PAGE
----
An inflammatory process that develops secondary to trauma, usually in the form of a penetrating injury or rupture of a follicle, and that proceeds through stages of granulation tissue with numerous extravasated erythrocytes, granulomatous inflammation, and fibrosis.
A malignant nonepithelial neoplasm (a sarcoma) presumably of perineural fibrocytes that presents itself usually on the trunk, but sometimes elsewhere, such as the extremities, face, and scalp.
An inflammatory disease characterized by lesions with arcuate, annular, and serpiginous outlines and by collarettes of scale on the inner margin of lesions that extend outward in centrifugal fashion, disappearing in months as a rule in the absence of treatment.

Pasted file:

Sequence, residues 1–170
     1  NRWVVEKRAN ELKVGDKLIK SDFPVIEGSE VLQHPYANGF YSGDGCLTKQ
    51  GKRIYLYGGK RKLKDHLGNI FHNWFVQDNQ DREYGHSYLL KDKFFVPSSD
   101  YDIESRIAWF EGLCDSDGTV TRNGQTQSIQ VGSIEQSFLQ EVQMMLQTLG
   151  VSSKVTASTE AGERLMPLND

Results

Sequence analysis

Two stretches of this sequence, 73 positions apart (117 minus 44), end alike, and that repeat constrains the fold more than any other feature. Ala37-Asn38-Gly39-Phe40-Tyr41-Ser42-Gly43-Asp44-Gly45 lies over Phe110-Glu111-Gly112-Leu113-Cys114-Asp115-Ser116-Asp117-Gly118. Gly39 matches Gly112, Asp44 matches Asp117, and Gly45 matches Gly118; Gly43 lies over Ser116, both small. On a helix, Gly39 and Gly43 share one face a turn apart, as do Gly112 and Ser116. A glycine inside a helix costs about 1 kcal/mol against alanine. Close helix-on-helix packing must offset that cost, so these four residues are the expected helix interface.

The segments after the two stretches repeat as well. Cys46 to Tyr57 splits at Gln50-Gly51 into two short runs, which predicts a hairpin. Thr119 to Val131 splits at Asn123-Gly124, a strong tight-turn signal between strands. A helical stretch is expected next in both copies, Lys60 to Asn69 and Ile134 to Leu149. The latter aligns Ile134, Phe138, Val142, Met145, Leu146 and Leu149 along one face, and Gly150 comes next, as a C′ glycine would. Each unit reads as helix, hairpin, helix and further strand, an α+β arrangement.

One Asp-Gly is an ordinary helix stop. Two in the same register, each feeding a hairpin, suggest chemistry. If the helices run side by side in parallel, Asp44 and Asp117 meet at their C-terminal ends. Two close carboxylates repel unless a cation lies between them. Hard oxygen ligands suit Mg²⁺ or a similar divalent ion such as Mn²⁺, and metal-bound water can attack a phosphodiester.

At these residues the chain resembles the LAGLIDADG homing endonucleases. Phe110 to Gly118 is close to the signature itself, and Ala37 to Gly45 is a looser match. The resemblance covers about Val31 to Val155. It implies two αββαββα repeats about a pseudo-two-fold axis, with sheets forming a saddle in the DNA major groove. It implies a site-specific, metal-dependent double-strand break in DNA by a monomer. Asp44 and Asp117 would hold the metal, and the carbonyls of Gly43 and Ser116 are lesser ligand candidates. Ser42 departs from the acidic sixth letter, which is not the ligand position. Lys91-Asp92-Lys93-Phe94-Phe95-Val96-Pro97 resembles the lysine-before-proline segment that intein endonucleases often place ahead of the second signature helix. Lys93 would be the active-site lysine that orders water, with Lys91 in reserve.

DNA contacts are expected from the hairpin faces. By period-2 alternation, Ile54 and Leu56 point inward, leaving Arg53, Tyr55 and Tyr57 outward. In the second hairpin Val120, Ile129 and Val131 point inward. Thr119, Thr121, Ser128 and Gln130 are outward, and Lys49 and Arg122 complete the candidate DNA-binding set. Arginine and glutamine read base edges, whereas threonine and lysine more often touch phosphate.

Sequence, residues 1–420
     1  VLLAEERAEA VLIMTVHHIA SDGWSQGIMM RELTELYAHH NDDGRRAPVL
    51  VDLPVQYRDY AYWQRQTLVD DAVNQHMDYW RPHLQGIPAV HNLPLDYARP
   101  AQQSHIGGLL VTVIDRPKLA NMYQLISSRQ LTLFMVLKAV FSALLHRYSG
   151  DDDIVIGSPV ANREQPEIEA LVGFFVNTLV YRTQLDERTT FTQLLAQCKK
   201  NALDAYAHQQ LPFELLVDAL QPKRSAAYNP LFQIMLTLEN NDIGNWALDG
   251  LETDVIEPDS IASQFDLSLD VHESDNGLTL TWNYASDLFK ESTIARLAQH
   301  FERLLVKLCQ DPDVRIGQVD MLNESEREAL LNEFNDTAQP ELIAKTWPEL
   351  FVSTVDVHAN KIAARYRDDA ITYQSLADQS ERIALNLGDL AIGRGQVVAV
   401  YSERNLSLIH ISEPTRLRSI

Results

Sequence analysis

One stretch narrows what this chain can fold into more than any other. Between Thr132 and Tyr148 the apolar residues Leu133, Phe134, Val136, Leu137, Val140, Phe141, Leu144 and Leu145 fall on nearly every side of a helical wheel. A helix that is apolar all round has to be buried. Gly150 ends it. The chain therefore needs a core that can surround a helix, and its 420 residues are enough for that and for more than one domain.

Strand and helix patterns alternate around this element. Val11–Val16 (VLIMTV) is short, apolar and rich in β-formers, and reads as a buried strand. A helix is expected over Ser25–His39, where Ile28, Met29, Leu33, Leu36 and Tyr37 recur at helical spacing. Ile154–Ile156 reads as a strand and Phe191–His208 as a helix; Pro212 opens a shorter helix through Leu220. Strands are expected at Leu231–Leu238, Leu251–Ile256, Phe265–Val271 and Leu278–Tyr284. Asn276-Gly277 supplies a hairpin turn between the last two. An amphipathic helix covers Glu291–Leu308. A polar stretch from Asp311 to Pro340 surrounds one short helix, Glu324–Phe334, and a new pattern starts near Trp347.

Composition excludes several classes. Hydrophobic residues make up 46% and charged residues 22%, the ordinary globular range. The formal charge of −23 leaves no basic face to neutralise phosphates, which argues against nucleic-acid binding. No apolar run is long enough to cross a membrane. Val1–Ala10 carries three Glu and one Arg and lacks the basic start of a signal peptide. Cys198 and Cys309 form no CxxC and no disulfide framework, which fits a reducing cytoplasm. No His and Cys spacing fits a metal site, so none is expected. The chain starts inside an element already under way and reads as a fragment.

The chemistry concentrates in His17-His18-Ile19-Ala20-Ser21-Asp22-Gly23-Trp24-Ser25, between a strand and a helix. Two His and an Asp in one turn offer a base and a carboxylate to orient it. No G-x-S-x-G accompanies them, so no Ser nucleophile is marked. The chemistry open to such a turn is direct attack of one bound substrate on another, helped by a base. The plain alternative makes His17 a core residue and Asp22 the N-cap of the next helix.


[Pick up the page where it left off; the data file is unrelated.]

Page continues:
An inflammatory process that tends to involve mucous membranes, as well as skin, and of the latter the acra especially.
An inflammatory process, i.e., a panniculitis, marked by tender erythematous plaques, nodules, or tumors (or combinations thereof) that usually affect the anterior aspect of the legs and, less often, the arms, and induced by processes, in an organ other than the skin, as dissimilar as sarcoidosis, Crohn’s disease, and histoplasmosis.
A hamartoma of mostly follicular elements that presents itself clinically as a firm, skin-colored papule.
Infundibulitis, usually a suppurative inflammatory process that involves infundibula, is either noninfectious, as in the case of pustules of acne vulgaris, or infectious, as in the case of pustules caused by Staphylococcus aureus.